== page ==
HARD-LINE evangelicals have been rocked by a massive defeat after launching a public challenge to the Church of Scotland's stance on the issue of gay clergy.

The Kirk's General Assembly in the Scottish capital threw out a bid by an Edinburgh minister to allow only men and women in heterosexual relationships or celibate homosexuals to preach.

More than 700 senior figures at the annual gathering agreed to continue to move towards allowing local church leaders to decide whether they want a gay minister who is in a civil partnership.

Loading article content

The assembly voted 369 in favour of continuing its compromise position and 189 against.

The Rev Jeremy Middleton moved to overturn the Kirk's plan to continue to allow non-celibate gay clergy through its compromise deal reached last year.

He said the move proposed by the Church is legally questionable. He said: "I don't believe that the overture [proposal] is legally watertight.

"It runs the risk of putting the Church in a difficult and dangerous position in terms of claims that could be made on the basis of discrimination. There is a catalogue of loose ends."

He added: "Firstly, it is risky, secondly, it is ragged, and thirdly, it is wrong, because it is illogical."

The Rev Mark Malcolm of Chryston, Glasgow, said he backed the evangelical's push as the current stance "sets minister against minister, congregation against congregation and member against member".

It was claimed the Church's stance has led to people quitting Christianity all together.

The Kirk's Theological Forum that examined the issue over the last year urged members to continue to allow the compromise deal that allows Kirk Sessions to decide whether to let a gay minister take up a local role.

The Very Rev Professor Iain Torrance said in his forum report to the assembly that the Kirk is already in a compromise position.

He said: "The church in the past has offered various kinds of safeguards for those who in all conscience and commitment disagree.

"There was always a provision that those who disagreed were not obliged to conduct the marriages of divorcees."

He said that the kind of "mixed economy of constrained difference is understandable within our practices of Bible reading and may be located within our tradition".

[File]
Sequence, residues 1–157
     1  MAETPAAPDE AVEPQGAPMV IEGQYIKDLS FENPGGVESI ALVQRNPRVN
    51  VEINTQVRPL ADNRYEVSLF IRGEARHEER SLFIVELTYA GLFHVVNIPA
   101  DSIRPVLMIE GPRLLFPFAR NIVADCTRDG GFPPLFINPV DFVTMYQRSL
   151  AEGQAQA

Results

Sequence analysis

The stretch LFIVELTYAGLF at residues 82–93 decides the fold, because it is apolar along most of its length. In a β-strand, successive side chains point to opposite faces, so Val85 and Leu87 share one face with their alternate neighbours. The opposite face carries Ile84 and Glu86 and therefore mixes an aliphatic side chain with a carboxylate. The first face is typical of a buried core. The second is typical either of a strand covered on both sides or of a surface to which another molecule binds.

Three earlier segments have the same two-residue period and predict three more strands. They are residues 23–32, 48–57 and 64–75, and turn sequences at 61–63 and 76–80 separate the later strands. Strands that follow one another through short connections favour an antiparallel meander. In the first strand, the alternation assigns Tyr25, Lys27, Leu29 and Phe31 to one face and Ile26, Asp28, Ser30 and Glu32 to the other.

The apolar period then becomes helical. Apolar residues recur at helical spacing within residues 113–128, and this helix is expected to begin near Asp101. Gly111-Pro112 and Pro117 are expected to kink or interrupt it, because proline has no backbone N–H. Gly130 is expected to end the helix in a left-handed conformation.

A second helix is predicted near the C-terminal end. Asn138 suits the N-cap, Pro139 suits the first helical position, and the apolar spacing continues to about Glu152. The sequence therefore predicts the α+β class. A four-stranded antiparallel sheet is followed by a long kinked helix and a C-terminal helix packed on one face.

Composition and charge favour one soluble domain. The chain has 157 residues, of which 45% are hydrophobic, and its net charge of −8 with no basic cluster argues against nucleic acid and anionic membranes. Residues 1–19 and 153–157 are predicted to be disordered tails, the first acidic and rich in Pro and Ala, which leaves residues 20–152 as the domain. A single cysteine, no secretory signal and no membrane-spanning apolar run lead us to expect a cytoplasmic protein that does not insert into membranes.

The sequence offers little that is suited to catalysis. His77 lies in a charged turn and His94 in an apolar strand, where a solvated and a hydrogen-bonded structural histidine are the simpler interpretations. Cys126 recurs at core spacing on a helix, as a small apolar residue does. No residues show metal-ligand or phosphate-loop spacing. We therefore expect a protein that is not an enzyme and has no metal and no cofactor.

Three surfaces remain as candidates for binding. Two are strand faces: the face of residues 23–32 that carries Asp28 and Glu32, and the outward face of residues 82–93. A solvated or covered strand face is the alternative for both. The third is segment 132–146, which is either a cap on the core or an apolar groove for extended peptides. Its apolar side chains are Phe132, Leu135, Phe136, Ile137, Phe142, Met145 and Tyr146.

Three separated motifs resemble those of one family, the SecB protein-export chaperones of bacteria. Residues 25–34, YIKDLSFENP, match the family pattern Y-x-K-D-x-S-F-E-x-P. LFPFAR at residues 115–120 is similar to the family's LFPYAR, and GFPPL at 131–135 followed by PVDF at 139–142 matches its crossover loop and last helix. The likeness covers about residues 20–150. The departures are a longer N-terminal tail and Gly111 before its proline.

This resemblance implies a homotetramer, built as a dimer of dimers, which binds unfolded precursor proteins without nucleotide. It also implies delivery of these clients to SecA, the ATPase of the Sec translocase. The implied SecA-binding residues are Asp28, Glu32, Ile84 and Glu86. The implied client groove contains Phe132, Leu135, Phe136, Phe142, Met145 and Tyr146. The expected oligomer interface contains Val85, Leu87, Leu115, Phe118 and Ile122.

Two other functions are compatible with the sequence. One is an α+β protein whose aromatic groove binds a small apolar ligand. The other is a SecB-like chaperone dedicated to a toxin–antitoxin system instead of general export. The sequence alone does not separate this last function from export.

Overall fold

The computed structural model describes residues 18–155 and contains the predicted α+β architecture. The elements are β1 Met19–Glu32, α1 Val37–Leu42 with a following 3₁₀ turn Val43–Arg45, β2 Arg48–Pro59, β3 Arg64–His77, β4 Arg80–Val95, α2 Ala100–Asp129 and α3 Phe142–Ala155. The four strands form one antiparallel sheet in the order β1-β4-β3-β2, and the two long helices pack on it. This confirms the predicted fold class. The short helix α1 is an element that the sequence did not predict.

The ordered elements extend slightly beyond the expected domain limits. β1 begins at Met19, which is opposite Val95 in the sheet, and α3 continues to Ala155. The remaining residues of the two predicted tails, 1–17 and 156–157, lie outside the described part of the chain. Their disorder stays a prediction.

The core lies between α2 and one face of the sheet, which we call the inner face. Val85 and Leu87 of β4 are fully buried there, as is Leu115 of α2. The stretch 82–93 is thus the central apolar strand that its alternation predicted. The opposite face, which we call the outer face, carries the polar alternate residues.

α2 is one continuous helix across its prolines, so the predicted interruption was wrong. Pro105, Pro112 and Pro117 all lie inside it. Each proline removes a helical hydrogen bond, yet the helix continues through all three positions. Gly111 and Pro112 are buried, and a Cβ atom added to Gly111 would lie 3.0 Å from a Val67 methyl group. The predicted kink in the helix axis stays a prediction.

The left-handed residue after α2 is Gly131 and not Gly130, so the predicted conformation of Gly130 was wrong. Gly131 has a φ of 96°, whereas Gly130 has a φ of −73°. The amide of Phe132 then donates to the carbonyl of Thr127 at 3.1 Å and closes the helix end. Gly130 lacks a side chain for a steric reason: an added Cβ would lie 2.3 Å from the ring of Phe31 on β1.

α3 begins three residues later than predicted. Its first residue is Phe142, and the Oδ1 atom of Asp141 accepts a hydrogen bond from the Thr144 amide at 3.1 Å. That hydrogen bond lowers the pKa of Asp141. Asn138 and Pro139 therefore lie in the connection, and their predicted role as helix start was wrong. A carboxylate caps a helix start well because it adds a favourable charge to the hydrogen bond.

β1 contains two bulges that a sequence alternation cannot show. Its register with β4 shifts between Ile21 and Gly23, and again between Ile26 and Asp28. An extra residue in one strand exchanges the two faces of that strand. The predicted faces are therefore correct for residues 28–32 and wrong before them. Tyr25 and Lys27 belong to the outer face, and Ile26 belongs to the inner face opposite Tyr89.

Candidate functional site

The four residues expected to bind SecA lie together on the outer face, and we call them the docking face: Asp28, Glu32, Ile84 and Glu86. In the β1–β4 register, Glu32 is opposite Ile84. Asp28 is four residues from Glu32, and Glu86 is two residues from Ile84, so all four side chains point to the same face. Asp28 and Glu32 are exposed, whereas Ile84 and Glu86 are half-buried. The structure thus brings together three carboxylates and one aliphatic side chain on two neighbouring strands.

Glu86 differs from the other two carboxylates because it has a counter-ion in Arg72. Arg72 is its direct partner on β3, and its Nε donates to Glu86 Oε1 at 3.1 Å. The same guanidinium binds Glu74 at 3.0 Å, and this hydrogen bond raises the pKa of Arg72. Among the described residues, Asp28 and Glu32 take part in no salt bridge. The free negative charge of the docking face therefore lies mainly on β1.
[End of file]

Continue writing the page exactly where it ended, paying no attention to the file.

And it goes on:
The Rev Bryan Kerr of Greyfriars Church in Lanark, said that the Kirk's compromise proposal "brings us the best chance we have for the peace and unity of our church".

The Rev Hector Morrison, Principal of the Highland Theological College, gave an emotional address.

He said members have gone because "they no longer trust our ability or our willingness to follow what they believe the Bible clearly states".

"We cannot afford any other church families to be torn apart in this way. We cannot afford to lose any more ministers or budding ministers," he said.

The Rev Alan Hamilton, whose committee examined the law around the issue, said: "We understand the anguish and pain felt by good people on all sides of the debate. We understand that particular parts of the overture will look very different from different perspectives.

"I venture that there is hardly a section in this overture which does not disappoint someone."

Forward Together, a group for evangelicals in the Church of Scotland, said it was " deeply saddened and dismayed" but urged traditionalists not to act hastily.

A total of 13 ministers and hundreds of ordinary members have left the Kirk since 2009 following the appointment of the Rev Scott Rennie, who is openly gay, to an Aberdeen church.

The plan will now be sent to the Kirk's 49 presbyteries before it is raised at next year's General Assembly.